Ford Oz reveals what has stalled its factory-built blown Pony
No supercharger for Aussie ’Stangs, KTM now available
PUNTERS wanting to power-up their pony cars with official Ford Performance parts will still be looking up Herrod Performance’s phone number, with Ford Australia confirming its own efforts to offer superchargers through dealers has stalled.
Ford Australia desperately wanted to offer a warranty-backed 500kW Mustang Roush locally, but says Australian Design Rules (ADRs) have now killed off any chance of the supercharged V8 Pony hitting local dealerships in an official Blue Oval capacity.
It comes as a blow to Ford’s Australian arm and its dealers, still trying to fill the fast-car void left by its turbocharged six-cylinder and supercharged V8 performance Falcon models.
The Roush Performance Stage 3 supercharger kit was already tested by Ford Australia at its You Yangs proving ground in Victoria more than one year ago, with approval from its Dearborn headquarters to provide a full driveline warranty and allow dealers to fit the $54,990 Mustang GT with what would be known as a ‘performance package’, taking the official fight to HSV.
The kit, already offered in the local market, under warranty and ADR compliant, by importers like Herrod, takes the 5.0-litre naturally aspirated V8’s power from 306kW to a supercharged 500kW, or 670
horsepower in the old money.
In March 2016, Ford Australia president and CEO Graeme Whickman told Australian media: “I think it’s a fair bet to say that we’re looking pretty hard at that [Mustang Roush] and we’re pretty excited. We’re working on it and I feel confident that we might have something to talk about in the coming months.”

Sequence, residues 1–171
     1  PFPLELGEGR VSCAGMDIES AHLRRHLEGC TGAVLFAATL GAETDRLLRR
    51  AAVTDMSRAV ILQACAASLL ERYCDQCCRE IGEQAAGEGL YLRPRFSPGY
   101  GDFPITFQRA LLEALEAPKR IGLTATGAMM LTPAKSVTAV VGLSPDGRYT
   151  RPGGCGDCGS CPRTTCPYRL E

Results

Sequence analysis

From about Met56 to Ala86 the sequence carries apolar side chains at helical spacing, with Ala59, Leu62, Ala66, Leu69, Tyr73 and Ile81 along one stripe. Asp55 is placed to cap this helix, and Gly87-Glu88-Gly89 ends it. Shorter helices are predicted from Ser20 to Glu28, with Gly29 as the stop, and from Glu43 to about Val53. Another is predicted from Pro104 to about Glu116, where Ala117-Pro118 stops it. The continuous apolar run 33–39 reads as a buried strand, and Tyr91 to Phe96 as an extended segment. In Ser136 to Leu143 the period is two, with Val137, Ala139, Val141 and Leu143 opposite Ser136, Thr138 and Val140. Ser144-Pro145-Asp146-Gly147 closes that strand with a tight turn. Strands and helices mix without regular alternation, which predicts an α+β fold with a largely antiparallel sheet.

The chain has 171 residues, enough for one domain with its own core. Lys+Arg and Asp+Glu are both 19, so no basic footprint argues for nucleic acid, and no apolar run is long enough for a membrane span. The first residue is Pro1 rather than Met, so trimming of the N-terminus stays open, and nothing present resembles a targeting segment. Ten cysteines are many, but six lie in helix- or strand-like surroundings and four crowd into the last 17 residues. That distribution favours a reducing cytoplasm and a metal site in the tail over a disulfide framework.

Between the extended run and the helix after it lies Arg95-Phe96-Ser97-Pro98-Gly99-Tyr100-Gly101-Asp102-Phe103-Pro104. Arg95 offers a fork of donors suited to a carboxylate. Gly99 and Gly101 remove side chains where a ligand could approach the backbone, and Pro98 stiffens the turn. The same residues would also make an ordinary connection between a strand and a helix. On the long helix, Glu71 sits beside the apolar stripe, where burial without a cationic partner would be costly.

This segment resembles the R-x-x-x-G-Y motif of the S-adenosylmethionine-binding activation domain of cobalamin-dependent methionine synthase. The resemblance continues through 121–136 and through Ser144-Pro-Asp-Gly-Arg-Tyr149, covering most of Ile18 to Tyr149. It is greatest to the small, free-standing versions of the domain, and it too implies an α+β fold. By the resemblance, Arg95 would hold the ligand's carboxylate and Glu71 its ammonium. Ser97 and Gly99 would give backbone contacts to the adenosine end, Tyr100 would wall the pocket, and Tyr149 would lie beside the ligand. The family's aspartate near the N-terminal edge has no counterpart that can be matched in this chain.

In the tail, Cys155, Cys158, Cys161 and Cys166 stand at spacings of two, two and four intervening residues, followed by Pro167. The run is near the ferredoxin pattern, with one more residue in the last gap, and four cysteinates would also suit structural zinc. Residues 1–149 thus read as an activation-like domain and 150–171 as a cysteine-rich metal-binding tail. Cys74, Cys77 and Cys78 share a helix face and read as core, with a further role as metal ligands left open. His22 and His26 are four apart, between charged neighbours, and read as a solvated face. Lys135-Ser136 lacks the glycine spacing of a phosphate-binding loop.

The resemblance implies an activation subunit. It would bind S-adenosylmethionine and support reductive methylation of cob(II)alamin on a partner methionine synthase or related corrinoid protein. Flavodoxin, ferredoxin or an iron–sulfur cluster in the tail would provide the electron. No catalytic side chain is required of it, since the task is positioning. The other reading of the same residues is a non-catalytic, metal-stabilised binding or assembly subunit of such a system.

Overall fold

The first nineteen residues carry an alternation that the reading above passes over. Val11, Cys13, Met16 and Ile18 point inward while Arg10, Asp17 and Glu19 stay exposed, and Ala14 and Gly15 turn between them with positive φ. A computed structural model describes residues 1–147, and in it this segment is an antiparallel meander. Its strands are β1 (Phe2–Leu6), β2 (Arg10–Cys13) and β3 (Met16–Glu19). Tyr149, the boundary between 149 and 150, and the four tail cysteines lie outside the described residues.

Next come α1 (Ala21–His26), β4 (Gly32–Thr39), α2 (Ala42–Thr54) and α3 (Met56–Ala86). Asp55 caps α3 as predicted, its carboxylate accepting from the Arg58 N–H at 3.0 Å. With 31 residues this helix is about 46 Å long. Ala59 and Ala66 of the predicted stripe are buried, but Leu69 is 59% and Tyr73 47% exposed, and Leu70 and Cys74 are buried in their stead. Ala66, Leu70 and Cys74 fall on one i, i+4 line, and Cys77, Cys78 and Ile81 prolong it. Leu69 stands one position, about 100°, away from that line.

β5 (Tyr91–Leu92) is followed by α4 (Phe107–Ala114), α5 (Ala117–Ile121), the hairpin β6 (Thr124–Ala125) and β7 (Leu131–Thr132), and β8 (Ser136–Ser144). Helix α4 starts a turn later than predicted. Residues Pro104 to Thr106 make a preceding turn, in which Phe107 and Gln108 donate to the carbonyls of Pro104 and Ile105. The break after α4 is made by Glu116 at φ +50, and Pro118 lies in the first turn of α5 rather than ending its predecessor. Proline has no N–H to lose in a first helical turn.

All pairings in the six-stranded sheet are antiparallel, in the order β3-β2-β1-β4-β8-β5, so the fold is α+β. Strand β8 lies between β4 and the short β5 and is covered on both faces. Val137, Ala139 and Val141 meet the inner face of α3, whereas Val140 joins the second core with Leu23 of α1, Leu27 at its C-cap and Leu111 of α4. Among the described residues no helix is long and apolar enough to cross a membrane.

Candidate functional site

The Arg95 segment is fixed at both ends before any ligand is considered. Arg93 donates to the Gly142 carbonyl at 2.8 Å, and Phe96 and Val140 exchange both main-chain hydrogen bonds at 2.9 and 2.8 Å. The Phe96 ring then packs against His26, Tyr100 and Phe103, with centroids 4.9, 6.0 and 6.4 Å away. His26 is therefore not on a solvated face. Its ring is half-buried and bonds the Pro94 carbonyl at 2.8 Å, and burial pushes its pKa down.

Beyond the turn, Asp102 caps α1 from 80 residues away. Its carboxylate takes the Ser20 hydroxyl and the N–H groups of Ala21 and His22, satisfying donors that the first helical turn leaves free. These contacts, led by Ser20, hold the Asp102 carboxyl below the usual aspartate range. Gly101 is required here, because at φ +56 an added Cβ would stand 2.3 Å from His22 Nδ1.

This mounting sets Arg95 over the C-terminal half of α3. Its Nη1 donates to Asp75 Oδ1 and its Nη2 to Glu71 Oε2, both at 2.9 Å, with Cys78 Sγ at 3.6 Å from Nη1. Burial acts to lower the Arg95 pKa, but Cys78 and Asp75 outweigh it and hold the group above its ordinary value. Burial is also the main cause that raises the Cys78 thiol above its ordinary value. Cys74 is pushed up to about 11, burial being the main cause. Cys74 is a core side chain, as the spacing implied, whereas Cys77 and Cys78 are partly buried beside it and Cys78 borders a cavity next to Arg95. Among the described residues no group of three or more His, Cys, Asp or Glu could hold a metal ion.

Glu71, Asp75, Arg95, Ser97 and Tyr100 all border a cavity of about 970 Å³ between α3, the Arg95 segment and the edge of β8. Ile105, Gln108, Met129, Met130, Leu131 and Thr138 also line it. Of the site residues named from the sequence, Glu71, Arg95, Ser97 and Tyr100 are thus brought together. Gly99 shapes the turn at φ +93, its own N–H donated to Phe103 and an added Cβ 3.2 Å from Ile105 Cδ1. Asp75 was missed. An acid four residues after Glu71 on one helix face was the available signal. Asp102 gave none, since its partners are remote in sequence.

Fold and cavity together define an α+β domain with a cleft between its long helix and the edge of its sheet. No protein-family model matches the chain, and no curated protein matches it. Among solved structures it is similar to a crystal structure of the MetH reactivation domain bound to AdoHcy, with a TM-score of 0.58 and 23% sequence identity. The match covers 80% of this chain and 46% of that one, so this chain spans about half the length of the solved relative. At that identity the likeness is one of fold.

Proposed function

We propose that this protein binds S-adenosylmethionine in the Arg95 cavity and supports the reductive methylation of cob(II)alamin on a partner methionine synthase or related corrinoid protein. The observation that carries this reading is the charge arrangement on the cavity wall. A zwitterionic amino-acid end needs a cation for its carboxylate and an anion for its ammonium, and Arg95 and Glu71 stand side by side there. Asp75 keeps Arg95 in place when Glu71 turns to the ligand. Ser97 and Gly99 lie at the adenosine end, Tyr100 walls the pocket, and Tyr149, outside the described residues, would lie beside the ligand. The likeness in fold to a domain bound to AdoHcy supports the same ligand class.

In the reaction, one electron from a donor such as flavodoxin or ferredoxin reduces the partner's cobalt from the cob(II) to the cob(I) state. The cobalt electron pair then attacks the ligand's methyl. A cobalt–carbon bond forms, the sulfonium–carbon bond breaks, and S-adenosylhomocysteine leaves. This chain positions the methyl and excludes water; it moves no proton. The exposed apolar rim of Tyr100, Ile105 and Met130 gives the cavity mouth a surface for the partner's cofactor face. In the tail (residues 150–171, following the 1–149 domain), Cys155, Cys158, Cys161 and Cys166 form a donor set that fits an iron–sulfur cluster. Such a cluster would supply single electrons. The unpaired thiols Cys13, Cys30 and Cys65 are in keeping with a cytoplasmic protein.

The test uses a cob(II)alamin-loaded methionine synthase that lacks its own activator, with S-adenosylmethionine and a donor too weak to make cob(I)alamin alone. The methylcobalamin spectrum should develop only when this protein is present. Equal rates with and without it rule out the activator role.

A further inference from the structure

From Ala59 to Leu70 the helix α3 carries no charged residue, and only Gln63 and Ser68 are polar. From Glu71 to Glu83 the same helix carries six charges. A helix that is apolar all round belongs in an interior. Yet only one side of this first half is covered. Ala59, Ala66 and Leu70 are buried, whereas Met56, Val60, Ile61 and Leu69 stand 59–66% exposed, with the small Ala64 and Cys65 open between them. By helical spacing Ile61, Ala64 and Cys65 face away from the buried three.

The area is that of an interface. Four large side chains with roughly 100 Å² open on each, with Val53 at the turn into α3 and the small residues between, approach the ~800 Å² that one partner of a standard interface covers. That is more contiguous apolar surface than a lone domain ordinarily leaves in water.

But months ticked on and Ford Australia would only, bluntly, say ADRs were holding up the process. The company has now revealed Australia’s drive-by noise regulations shot down the Mustang Roush before it could bolt from the official stable.
“We investigated the supercharger … however we have
to offer the same level of support and service whether [owners are] driving a Mustang straight off
the showroom floor, or looking to personalise it,” a Ford Australia spokesperson told MOTOR.
“We have to ensure that any additional parts available to fit Mustang through a Ford dealer integrate properly with the rest of the vehicle in an effective way, and that they meet the stringent standards that are set for OEMs [Original Equipment Manufacturers].”
Ford says it must meet a different set of rules than third-party importers adding separate tuning kits to an already purchased car. The spokesperson said noise regulations were the only problem.
“If we cannot ensure that a particular part meets the regulations demanded of an OEM, we won’t be able to satisfy the criteria that people expect from a brand-new, factory-backed vehicle,
and won’t put that part on the car.”
It’s a big win for local tuning outfits such as Herrod or Mustang Motorsport, who are able to offer ADR-compliant supercharger kits, more or less identical to those on Ford Australia’s wishlist, due to the slightly different testing procedures they are subject to.
Although there are even question marks over how the regulations differ for different entities like an OEM or an independent importer.
MOTOR will offer some clarity on this in next month’s issue.
With no RHD Shelby Mustang program, Ford Australia looks like it’s out of options for a factory-backed fast Mustang
Punters fortunately have the talented local aftermarket to continue servicing their powered-up pony car needs